Sorrow And Joy

**

Reviewed by: Amber Wilkinson

"Feels more like an exercise in personal therapy than a fully fledged film."

There is a moment in Sorrow And Joy when the main character Johannes (Jakob Cedergren) - a filmmaker who is based on writer/director Nils Malmros himself - says: "Film directors dont need criticism. They need to be praised." In which case, I'm afraid he definitely doesn't need this review. It is also quite difficult to criticise a film that is based, at least in part, on such a terrible real-life event - the killing of a baby in a moment of psychosis. But though the child's death is indisputably tragic, this rendering of it into film is largely unsuccessful - perhaps the director, co-writer John Mogensen and others who worked with him were just too close to the situation to keep their critical judgement unclouded.

Things begin badly, with emotions in the opening scene - in which we immediately learn that Johannes' child has been stabbed to death by mum Signe (Helle Fagralid) - set at such a high pitch they are unbelievable. It also marks the oddly muted emotional journey of Johannes himself, whose lack of reaction to events feels merely flat rather than true to life.

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After this, through the all-too-familiar device of a psychiatrist's questioning, we flashback to the start of the couple's relationship at the same time as watching Johannes try to ensure his wife receives treatment in a psychiatric hospital rather than a prison.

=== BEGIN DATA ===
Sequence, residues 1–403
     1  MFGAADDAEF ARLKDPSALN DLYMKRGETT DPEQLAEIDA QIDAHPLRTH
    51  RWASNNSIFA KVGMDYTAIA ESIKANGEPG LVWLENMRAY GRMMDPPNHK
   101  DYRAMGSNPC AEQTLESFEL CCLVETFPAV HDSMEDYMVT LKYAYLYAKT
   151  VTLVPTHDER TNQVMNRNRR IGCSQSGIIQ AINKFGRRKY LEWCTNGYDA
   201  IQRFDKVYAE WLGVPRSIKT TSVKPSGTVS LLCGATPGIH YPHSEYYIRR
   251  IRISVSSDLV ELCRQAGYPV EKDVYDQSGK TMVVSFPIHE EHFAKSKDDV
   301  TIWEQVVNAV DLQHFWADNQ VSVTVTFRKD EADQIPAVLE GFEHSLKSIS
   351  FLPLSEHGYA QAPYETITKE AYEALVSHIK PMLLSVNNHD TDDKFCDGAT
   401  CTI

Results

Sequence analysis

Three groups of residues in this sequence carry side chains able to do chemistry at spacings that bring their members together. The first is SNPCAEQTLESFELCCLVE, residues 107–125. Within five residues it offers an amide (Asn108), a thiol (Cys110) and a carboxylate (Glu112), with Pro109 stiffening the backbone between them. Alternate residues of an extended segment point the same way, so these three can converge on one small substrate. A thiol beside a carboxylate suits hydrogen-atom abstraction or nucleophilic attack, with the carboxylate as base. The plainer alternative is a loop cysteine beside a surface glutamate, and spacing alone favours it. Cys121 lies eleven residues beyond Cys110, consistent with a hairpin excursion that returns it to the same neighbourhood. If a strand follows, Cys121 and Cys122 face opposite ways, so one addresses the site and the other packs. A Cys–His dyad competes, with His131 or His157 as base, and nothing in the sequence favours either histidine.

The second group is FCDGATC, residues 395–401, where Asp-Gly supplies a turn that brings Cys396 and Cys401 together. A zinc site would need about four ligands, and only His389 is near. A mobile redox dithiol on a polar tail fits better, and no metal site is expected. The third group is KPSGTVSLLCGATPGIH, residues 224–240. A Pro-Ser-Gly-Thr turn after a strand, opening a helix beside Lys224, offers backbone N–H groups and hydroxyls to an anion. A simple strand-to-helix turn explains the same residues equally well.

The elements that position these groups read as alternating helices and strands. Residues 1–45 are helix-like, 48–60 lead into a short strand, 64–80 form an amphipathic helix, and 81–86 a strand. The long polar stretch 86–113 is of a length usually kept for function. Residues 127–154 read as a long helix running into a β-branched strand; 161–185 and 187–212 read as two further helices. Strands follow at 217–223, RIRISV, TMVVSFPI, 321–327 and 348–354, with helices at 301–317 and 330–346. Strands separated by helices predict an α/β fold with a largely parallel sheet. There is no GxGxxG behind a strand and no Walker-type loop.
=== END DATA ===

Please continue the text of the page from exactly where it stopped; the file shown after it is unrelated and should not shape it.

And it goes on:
The relationship between Johannes and Signe never quite rings true. Malmros tries to paint an unflinching portrait of the director as critical - shorthand for this, he hates Signe's furniture - and emotionally neglectful. The scripting is stilted and revelations come at oddly inappropriate times. For example, as they lie in bed near the start of their relationship, Johannes' idea of pillow talk is to greet his wife's chatter about her past with: "It sounds like a manic depressive psychosis." That he urges her, on what seems like a whim, to tip her medication away is also hard to stomach.

Structurally the cracks show. There's a film within a film element, but everything feels constructed and cheap - more like something made for television than the big screen. The namechecking of festivals also comes across like a cut-price plea to them to now show this movie. Away from the main storyline, the film rambles over the minutae of Johannes' work, which is distracting and extraneous. And, as Signe somehow fades into the background, the screenplay starts to wallow in an unpalatable mixture of grief and lust.

How much of this actually happened and how much is imagined is hard to say but however sincere Malmros' intentions are, it feels more like an exercise in personal therapy than a fully fledged film.

Reviewed on: 29 Jul 2014
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Filmmaker Johannes and his wife, schoolteacher Signe, try to come to terms with unspeakable grief.


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